REWARD AND performance management programs are not keeping pace with the demands facing businesses today, a global study has found.
Despite enormous shifts in the business landscape over the last decade –driven by increased competition, cost pressures, globalisation, aging populations, technology advances, and skill and labour shortages, to name just a few – most companies have made minimal changes, at best, in the design and delivery of their base pay, incentive and performance management programs.
As a result, current programs do not appear to be meeting talent and people management needs effectively, especially in an environment increasingly focused on attracting and retaining people at all levels in an organisation.
The study, which took in nearly 650 HR and compensation managers at mid-sized and large organisations across 21 countries, found a growing ‘say/do’ gap around reward design and delivery. Although many of those surveyed said their reward strategies were designed to retain and attract talent (73 per cent and 57 per cent, respectively), few of the actual tactics they reported were consistent with this stated focus.
The study also found that 43 per cent of companies’ performance management systems did not effectively link to business needs, while 42 per cent felt their systems did not effectively equip managers to identify, develop and reward high performers or deal with poor performers.
“These are critical strategic gaps that will ultimately derail the very purpose of performance management,” said Ravin Jesuthasan, managing principal and practice leader of Towers Perrin, which conducted the study.
“Getting the strategy right is a key first step in effective performance management and one that few companies appear to be paying enough attention to right now.
“On one hand, it’s encouraging to see that companies are emphasising performance and talent retention. On the other hand, what they’re doing to reward and improve performance is not particularly effective, or in line with overall business performance and strategy.”
More than three-quarters of companies have changed their variable pay programs in the past three years, and nearly half expect to implement more changes to variable pay and bonus programs in the near future.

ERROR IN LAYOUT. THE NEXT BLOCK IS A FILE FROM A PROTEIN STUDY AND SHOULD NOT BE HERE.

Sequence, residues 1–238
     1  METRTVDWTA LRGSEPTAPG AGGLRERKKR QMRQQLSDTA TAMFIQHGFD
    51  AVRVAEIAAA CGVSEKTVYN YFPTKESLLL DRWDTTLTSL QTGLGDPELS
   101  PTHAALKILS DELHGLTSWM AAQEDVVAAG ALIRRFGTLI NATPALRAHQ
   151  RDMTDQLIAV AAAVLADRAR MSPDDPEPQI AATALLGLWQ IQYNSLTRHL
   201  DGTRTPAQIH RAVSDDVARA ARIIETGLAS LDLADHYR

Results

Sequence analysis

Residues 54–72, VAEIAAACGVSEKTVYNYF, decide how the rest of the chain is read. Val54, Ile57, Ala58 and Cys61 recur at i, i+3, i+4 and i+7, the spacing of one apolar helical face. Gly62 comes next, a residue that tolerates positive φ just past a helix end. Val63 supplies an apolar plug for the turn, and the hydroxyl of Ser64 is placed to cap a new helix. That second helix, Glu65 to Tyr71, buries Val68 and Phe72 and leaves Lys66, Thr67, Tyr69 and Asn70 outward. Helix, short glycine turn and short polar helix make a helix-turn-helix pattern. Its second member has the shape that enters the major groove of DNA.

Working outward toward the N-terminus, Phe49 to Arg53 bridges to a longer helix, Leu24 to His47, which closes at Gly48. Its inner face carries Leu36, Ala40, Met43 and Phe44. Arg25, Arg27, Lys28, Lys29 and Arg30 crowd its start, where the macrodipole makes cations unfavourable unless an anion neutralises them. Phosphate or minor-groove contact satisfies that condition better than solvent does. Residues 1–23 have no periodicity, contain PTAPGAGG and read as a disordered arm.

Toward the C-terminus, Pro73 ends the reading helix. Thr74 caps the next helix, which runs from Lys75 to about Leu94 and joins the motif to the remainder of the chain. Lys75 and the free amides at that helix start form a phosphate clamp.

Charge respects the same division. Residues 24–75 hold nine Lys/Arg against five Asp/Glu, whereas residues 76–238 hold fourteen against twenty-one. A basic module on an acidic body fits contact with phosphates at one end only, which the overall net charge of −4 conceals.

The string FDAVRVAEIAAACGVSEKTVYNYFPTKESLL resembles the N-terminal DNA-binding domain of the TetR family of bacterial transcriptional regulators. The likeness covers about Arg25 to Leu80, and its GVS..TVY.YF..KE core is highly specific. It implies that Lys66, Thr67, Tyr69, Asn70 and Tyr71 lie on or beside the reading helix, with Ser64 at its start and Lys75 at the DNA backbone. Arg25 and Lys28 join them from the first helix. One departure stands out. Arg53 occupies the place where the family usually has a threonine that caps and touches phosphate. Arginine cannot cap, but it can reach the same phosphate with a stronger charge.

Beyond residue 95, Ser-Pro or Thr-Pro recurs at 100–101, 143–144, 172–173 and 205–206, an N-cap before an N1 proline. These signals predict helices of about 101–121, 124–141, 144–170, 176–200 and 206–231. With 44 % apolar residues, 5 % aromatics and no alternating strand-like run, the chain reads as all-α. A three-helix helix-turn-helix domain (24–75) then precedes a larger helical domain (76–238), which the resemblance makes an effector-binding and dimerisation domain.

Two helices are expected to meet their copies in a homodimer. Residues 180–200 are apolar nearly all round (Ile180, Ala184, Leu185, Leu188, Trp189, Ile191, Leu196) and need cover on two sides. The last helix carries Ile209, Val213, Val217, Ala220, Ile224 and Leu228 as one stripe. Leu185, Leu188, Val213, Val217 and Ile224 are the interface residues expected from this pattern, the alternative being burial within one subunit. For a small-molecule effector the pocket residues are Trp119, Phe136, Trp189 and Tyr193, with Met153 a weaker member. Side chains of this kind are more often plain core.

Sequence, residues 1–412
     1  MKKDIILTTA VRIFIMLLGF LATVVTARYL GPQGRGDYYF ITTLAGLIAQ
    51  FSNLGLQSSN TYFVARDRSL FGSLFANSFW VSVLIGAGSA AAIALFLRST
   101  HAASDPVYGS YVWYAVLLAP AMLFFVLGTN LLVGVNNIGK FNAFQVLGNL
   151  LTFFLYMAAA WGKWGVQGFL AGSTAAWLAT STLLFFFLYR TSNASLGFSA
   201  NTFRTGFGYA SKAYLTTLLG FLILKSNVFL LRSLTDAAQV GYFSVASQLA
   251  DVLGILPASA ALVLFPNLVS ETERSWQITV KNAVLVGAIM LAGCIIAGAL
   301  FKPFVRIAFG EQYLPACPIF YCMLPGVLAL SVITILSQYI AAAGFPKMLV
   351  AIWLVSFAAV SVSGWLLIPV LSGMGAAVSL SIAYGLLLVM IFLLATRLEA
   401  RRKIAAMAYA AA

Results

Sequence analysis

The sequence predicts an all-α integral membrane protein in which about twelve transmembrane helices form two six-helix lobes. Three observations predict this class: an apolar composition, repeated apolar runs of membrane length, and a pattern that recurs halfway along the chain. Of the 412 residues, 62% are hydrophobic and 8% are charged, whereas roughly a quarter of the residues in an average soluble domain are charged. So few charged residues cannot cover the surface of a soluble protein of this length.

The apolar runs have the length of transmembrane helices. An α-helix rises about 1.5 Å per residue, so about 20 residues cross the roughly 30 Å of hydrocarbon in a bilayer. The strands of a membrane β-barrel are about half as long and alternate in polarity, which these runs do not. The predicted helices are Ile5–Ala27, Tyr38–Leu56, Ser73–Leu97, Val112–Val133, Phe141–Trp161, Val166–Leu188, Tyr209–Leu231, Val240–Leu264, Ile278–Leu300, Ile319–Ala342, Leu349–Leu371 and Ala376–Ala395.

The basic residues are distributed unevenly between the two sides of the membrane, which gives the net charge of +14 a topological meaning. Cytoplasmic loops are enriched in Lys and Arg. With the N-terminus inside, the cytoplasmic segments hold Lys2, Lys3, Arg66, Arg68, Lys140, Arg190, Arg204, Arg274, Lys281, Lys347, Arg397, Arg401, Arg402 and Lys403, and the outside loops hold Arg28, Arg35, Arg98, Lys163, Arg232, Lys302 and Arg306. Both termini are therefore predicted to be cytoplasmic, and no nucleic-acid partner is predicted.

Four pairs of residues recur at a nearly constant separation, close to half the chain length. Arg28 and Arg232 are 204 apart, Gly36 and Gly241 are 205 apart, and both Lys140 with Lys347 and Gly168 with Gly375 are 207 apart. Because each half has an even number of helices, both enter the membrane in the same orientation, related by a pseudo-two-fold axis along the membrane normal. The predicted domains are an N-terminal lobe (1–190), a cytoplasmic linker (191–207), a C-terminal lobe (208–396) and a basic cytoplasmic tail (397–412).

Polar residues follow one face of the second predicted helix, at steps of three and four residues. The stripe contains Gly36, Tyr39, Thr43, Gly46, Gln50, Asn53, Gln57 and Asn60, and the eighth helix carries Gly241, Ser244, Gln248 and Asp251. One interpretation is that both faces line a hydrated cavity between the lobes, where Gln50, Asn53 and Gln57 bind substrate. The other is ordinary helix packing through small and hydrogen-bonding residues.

Yet the most common shift is an increased emphasis on using company-wide performance as a metric (cited by 42 per cent of survey respondents) – a surprising focus given the relatively small number of employees who can materially influence corporate results, Jesuthasan said.
The study also found that 90 per cent of companies reported changes in how they conduct performance management over the last three years, and almost the same number expect to make more changes in the next three years.
He recommended the following steps for companies looking to revamp reward programs:
• Think big, bold change. Shake things up, but in a way that aligns with core business goals for performance, cost, talent management and employee engagement.
• Identify required changes in terms of desired business outcomes, and prioritise and sequence those changes based on an analysis of the efficiency, effectiveness and impact or strategic relevance they will have in meeting specific business goals.
• Place calculated and systematic bets on specific programs and segments of the workforce that align with business objectives and priorities. Avoid the ‘one size fits all’ approach to rewards because it lacks focus and can marginalise the ROI.
• Develop a balanced set of metrics that encompass the key outcomes needed, and measure results against those metrics, adjusting course over time as required.